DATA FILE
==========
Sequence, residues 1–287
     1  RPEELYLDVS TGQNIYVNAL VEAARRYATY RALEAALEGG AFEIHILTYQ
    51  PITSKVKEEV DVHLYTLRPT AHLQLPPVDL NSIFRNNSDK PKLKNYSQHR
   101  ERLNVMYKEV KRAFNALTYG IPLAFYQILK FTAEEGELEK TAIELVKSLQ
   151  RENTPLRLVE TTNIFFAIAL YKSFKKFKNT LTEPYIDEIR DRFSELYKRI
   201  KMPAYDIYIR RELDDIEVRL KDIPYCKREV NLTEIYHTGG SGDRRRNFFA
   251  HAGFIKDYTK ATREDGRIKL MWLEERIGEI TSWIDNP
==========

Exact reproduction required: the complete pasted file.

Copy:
Sequence, residues 1–287
     1  RPEELYLDVS TGQNIYVNAL VEAARRYATY RALEAALEGG AFEIHILTYQ
    51  PITSKVKEEV DVHLYTLRPT AHLQLPPVDL NSIFRNNSDK PKLKNYSQHR
   101  ERLNVMYKEV KRAFNALTYG IPLAFYQILK FTAEEGELEK TAIELVKSLQ
   151  RENTPLRLVE TTNIFFAIAL YKSFKKFKNT LTEPYIDEIR DRFSELYKRI
   201  KMPAYDIYIR RELDDIEVRL KDIPYCKREV NLTEIYHTGG SGDRRRNFFA
   251  HAGFIKDYTK ATREDGRIKL MWLEERIGEI TSWIDNP